You may optionally stir up the fog by adding turbulence. The turbulence keyword may be followed by a float or vector to specify an amount of turbulence to be used. The omega, lambda and octaves turbulence parameters may also be specified. See section "Pattern Modifiers" for details on all of these turbulence parameters.

Additionally the fog turbulence may be scaled along the direction of the viewing ray using the turb_depth amount. Typical values are from 0.0 to 1.0 or more. The default value is 0.5 but any float value may be used.

Note: the fog feature will not work if the camera is inside a non-hollow object (see section "Empty and Solid Objects" for a detailed explanation). Sky Sphere

The sky sphere is used create a realistic sky background without the need of an additional sphere to simulate the sky. Its syntax is:


The sky sphere can contain several pigment layers with the last pigment being at the top, i. e. it is evaluated last, and the first pigment being at the bottom, i. e. it is evaluated first. If the upper layers contain filtering and/or transmitting components lower layers will shine through. If not lower layers will be invisible.

The sky sphere is calculated by using the direction vector as the parameter for evaluating the pigment patterns. This leads to results independent from the view point which pretty good models a real sky where the distance to the sky is much larger than the distances between visible objects.

If you want to add a nice color blend to your background you can easily do this by using the following example.

  sky_sphere {
    pigment {
      gradient y
      color_map {
        [ 0.5  color CornflowerBlue ]
        [ 1.0  color MidnightBlue ]
      scale 2
      translate -1

This gives a soft blend from CornflowerBlue at the horizon to MidnightBlue at the zenith. The scale and translate operations are used to map the direction vector values, which lie in the range from <-1, -1, -1> to <1, 1, 1>, onto the range from <0, 0, 0> to <1, 1, 1>. Thus a repetition of the color blend is avoided for parts of the sky below the horizon.

In order to easily animate a sky sphere you can transform it using the usual transformations described in "Transformations". Though it may not be a good idea to translate or scale a sky sphere - the results are hardly predictable - it is quite useful to be able to rotate it. In an animation the color blendings of the sky can be made to follow the rising sun for example.

Note: only one sky sphere can be used in any scene. It also will not work as you might expect if you use camera types like the orthographic or cylindrical camera. The orthographic camera uses parallel rays and thus you will only see a very small part of the sky sphere (you will get one color skies in most cases). Reflections in curved surface will work though, e. g. you will clearly see the sky in a mirrored ball. Rainbow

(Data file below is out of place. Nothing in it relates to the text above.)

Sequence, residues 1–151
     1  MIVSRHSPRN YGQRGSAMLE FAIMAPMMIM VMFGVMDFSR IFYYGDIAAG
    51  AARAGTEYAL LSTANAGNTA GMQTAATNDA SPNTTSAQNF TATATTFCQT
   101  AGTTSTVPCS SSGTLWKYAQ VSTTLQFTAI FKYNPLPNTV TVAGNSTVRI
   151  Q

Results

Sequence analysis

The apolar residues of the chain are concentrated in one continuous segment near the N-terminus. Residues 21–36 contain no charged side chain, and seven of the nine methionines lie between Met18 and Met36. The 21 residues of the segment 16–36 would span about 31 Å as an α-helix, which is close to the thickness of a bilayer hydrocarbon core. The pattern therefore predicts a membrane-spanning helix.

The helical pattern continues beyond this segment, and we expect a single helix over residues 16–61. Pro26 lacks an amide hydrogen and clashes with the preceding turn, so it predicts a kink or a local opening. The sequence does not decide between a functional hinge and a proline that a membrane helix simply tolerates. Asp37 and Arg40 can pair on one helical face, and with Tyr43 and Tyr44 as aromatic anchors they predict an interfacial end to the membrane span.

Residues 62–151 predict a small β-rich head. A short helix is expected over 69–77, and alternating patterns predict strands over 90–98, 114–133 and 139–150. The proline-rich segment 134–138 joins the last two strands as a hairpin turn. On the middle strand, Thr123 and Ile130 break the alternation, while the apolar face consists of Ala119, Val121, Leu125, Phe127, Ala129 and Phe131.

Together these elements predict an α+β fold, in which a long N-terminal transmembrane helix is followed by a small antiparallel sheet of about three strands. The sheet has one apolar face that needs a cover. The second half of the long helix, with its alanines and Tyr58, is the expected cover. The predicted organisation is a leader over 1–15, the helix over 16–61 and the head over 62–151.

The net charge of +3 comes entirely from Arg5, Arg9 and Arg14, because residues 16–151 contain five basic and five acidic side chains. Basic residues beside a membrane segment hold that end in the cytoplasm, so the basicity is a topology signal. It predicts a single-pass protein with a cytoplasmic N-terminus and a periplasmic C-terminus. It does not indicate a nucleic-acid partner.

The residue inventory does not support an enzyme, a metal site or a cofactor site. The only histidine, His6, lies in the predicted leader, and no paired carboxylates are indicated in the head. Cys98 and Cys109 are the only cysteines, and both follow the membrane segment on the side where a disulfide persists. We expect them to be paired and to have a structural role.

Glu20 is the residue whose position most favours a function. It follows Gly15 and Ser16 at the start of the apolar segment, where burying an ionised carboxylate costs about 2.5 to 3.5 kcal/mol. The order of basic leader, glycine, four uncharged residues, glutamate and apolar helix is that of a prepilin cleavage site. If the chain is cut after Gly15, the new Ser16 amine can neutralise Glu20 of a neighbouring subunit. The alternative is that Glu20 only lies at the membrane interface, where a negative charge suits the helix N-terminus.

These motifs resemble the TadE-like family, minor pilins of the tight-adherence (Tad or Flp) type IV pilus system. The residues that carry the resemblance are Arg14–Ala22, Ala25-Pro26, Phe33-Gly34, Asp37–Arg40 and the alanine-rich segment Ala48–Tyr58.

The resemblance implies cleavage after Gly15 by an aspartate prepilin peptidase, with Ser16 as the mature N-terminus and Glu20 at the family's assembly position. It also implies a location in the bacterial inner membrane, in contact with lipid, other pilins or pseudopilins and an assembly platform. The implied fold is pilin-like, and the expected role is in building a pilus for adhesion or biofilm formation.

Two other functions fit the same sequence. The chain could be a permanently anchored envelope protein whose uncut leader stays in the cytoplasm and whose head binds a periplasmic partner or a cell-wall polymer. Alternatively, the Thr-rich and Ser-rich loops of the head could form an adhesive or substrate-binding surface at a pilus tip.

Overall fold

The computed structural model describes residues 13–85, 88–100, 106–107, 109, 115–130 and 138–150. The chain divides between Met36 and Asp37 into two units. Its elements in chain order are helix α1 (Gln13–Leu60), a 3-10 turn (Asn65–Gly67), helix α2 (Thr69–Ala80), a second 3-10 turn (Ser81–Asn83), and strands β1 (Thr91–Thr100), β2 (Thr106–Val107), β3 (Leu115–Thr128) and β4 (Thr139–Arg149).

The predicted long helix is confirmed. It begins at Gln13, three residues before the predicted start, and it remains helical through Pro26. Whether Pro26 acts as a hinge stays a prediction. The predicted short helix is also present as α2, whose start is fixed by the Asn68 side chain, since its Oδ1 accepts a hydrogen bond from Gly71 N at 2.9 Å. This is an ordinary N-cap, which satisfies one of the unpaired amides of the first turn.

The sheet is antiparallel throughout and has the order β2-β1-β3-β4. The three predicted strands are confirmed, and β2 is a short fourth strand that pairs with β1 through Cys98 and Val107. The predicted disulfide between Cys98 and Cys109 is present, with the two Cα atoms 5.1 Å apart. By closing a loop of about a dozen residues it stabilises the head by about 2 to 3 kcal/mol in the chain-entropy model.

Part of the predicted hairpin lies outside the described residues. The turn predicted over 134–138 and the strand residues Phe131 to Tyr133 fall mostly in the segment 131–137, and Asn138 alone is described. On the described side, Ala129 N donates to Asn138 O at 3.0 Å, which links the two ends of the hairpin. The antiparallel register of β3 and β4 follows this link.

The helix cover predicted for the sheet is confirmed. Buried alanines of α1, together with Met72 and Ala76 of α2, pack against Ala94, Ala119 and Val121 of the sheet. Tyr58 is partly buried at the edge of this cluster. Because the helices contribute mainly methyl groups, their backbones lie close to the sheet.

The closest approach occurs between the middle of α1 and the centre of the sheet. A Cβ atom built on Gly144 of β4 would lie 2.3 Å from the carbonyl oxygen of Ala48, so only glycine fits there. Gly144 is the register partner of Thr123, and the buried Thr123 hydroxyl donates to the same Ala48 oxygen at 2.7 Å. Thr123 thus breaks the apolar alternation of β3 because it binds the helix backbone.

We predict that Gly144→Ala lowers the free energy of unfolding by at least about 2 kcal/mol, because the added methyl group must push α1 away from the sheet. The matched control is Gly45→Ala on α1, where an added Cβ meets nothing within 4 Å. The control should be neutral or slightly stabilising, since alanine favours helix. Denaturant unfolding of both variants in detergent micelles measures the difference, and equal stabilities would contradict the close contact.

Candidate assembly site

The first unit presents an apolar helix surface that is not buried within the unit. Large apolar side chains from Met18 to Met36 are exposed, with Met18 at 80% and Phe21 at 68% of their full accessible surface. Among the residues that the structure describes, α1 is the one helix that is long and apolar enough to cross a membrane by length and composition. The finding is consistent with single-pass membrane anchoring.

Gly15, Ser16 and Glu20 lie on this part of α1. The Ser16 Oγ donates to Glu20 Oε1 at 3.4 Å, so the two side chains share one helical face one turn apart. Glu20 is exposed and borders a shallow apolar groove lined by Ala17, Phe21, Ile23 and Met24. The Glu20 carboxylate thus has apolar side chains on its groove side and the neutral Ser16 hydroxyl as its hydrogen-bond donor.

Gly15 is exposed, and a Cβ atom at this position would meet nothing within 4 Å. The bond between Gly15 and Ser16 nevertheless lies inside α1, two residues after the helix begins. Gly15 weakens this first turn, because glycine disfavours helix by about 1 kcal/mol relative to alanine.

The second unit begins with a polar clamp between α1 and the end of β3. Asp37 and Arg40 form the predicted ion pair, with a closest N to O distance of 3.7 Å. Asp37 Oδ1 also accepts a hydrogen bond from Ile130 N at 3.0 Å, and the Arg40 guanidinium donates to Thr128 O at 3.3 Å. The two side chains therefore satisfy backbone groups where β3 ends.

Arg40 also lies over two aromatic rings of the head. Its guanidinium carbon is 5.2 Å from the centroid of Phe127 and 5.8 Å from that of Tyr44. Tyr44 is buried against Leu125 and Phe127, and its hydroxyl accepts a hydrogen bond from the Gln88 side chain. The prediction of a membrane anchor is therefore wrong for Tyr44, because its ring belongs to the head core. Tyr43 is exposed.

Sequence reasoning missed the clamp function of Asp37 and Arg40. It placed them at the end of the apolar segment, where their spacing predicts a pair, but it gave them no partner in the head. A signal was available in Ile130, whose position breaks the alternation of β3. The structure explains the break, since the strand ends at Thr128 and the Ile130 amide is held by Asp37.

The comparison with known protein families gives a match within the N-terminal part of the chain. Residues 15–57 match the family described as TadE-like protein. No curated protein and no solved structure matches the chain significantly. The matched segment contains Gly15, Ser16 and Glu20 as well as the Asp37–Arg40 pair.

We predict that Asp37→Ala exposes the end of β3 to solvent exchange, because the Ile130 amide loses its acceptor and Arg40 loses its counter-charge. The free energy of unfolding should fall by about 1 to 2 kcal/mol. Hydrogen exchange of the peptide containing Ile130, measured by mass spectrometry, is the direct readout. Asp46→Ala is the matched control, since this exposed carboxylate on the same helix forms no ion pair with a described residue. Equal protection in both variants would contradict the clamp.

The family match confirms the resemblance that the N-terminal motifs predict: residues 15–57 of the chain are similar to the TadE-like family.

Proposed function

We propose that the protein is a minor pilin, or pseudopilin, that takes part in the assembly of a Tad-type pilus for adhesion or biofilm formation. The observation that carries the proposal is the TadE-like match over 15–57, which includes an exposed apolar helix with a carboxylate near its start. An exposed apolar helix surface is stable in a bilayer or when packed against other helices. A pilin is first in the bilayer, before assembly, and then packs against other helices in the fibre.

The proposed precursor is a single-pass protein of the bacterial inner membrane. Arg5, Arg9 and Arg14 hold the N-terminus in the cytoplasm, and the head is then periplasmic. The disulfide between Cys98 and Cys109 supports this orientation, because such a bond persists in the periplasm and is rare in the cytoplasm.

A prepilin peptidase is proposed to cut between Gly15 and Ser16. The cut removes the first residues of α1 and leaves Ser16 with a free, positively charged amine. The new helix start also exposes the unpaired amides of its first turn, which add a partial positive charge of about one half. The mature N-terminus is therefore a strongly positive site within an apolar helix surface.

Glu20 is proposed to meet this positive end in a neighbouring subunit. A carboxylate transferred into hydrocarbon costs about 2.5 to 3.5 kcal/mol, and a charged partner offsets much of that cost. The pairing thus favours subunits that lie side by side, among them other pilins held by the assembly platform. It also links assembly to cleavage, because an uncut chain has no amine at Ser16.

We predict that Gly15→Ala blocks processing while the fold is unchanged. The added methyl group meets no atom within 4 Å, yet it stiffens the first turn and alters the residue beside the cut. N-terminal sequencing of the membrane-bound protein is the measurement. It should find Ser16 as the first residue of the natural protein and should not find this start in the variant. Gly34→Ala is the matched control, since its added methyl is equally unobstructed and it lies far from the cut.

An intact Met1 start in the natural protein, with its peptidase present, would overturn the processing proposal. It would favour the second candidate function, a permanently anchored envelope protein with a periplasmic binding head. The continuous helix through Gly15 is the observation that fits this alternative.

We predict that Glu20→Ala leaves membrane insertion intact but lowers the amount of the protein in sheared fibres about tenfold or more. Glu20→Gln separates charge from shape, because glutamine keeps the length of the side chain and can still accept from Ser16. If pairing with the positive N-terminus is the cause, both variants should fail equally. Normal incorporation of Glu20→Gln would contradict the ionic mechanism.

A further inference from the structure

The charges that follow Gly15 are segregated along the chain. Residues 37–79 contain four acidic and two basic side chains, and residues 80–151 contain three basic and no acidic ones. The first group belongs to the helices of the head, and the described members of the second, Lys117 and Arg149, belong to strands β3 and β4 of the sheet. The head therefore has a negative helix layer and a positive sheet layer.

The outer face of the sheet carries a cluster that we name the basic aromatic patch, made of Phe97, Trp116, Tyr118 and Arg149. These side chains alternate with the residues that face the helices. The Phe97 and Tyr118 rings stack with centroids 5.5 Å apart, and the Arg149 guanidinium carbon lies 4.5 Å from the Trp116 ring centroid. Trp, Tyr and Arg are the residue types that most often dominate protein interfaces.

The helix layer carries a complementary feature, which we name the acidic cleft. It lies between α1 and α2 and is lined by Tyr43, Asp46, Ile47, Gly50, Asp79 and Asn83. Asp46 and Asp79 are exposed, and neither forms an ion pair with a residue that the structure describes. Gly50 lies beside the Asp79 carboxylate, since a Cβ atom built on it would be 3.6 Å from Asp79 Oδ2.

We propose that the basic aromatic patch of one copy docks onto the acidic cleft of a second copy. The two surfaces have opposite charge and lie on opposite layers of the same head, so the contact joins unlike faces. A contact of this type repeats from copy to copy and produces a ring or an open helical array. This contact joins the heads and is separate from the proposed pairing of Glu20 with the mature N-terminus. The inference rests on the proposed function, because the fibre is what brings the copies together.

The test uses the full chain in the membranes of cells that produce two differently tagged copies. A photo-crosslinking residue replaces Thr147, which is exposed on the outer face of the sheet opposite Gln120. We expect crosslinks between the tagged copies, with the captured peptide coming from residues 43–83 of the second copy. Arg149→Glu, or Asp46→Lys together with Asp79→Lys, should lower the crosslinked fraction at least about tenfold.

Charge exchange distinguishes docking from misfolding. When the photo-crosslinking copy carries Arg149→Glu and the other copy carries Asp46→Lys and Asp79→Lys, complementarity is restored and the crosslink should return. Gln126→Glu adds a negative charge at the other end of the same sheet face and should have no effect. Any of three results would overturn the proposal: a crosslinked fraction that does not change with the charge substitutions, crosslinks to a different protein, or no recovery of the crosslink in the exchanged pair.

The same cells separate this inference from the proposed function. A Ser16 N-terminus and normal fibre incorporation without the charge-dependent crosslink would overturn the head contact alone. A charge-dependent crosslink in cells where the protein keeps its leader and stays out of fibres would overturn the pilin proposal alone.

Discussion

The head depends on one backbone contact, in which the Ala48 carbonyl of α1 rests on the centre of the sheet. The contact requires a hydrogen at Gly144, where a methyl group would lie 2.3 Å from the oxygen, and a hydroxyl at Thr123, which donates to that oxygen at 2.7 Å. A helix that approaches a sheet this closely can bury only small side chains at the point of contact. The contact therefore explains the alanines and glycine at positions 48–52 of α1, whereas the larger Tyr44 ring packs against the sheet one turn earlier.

Rainbows are implemented using fog-like, circular arcs. Their syntax is:

    direction <Dir> | angle Angle | width Width |
    distance Distance | COLOR_MAP | jitter Jitter | up <Up> |
    arc_angle Arc_Angle | falloff_angle Falloff_Angle

Rainbow default values:

arc_angle     : 180.0
falloff_angle : 180.0
jitter        : 0.0
up            : y

The required direction vector determines the direction of the (virtual) light that is responsible for the rainbow. Ideally this is an infinitely far away light source like the sun that emits parallel light rays. The position and size of the rainbow are specified by the required angle and width keywords. To understand how they work you should first know how the rainbow is calculated.

For each ray the angle between the rainbow's direction vector and the ray's direction vector is calculated. If this angle lies in the interval from Angle-Width/2 to Angle+Width/2 the rainbow is hit by the ray. The color is then determined by using the angle as an index into the rainbow's color_map. After the color has been determined it will be mixed with the background color in the same way like it is done for fogs.

Thus the angle and width parameters determine the angles under which the rainbow will be seen. The optional jitter keyword can be used to add random noise to the index. This adds some irregularity to the rainbow that makes it look more realistic.

The required distance keyword is the same like the one used with fogs. Since the rainbow is a fog-like effect it is possible that the rainbow is noticeable on objects. If this effect is not wanted it can be avoided by using a large distance value. By default a sufficiently large value is used to make sure that this effect does not occur.

The color_map statement is used to assign a color map that will be mapped onto the rainbow. To be able to create realistic rainbows it is important to know that the index into the color map increases with the angle between the ray's and rainbow's direction vector. The index is zero at the innermost ring and one at the outermost ring. The filter and transmittance values of the colors in the color map have the same meaning as the ones used with fogs (see section "Fog").

The default rainbow is a 360 degree arc that looks like a circle. This is no problem as long as you have a ground plane that hides the lower, non-visible part of the rainbow. If this is not the case or if you do not want the full arc to be visible you can use the optional keywords up, arc_angle and falloff_angle to specify a smaller arc.

The arc_angle keyword determines the size of the arc in degrees (from 0 to 360 degrees). A value smaller than 360 degrees results in an arc that abruptly vanishes. Since this does not look nice you can use the falloff_angle keyword to specify a region in which the rainbow will smoothly blend into the background making it vanish softly. The falloff angle has to be smaller or equal to the arc angle.

The up keyword determines were the zero angle position is. By changing this vector you can rotate the rainbow about its direction. You should note that the arc goes from -Arc_Angle/2 to +Arc_Angle/2. The soft regions go from -Arc_Angle/2 to -Falloff_Angle/2 and from +Falloff_Angle/2 to +Arc_Angle/2.

The following example generates a 120 degrees rainbow arc that has a falloff region of 30 degrees at both ends:

  rainbow {
    direction <0, 0, 1>
    angle 42.5
    width 5
    distance 1000
    jitter 0.01
    color_map { Rainbow_Color_Map }
    up <0, 1, 0>
    arc_angle 120
    falloff_angle 30

It is possible to use any number of rainbows and to combine them with other atmospheric effects.

More about "Fog"

More about "media"

More about "Media"

More about "Transformations"

More about "Pattern Modifiers"